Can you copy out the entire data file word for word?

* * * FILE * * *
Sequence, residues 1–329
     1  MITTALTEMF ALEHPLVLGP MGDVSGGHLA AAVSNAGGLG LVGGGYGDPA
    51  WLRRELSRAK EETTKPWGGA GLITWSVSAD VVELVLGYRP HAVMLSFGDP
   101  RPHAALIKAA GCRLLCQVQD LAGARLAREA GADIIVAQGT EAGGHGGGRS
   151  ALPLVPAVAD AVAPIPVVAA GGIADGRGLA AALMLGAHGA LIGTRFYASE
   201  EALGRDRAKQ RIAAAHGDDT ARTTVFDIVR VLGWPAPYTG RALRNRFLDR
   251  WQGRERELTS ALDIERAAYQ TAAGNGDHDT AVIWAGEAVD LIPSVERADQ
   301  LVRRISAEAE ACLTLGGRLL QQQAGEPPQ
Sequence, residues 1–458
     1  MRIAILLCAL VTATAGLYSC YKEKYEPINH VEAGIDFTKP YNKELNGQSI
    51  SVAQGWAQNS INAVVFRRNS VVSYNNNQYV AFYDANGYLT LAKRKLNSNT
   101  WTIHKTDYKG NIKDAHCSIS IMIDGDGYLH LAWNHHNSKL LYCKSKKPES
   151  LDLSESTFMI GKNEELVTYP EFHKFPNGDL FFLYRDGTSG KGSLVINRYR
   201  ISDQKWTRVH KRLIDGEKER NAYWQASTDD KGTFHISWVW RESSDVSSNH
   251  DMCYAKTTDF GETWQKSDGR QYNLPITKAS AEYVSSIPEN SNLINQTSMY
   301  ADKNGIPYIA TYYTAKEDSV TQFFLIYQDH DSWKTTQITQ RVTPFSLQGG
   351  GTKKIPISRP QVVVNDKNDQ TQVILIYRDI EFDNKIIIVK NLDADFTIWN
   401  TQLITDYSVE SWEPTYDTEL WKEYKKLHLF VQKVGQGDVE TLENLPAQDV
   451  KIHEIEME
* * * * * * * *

Sequence, residues 1–329
     1  MITTALTEMF ALEHPLVLGP MGDVSGGHLA AAVSNAGGLG LVGGGYGDPA
    51  WLRRELSRAK EETTKPWGGA GLITWSVSAD VVELVLGYRP HAVMLSFGDP
   101  RPHAALIKAA GCRLLCQVQD LAGARLAREA GADIIVAQGT EAGGHGGGRS
   151  ALPLVPAVAD AVAPIPVVAA GGIADGRGLA AALMLGAHGA LIGTRFYASE
   201  EALGRDRAKQ RIAAAHGDDT ARTTVFDIVR VLGWPAPYTG RALRNRFLDR
   251  WQGRERELTS ALDIERAAYQ TAAGNGDHDT AVIWAGEAVD LIPSVERADQ
   301  LVRRISAEAE ACLTLGGRLL QQQAGEPPQ
Sequence, residues 1–458
     1  MRIAILLCAL VTATAGLYSC YKEKYEPINH VEAGIDFTKP YNKELNGQSI
    51  SVAQGWAQNS INAVVFRRNS VVSYNNNQYV AFYDANGYLT LAKRKLNSNT
   101  WTIHKTDYKG NIKDAHCSIS IMIDGDGYLH LAWNHHNSKL LYCKSKKPES
   151  LDLSESTFMI GKNEELVTYP EFHKFPNGDL FFLYRDGTSG KGSLVINRYR
   201  ISDQKWTRVH KRLIDGEKER NAYWQASTDD KGTFHISWVW RESSDVSSNH
   251  DMCYAKTTDF GETWQKSDGR QYNLPITKAS AEYVSSIPEN SNLINQTSMY
   301  ADKNGIPYIA TYYTAKEDSV TQFFLIYQDH DSWKTTQITQ RVTPFSLQGG
   351  GTKKIPISRP QVVVNDKNDQ TQVILIYRDI EFDNKIIIVK NLDADFTIWN
   401  TQLITDYSVE SWEPTYDTEL WKEYKKLHLF VQKVGQGDVE TLENLPAQDV
   451  KIHEIEME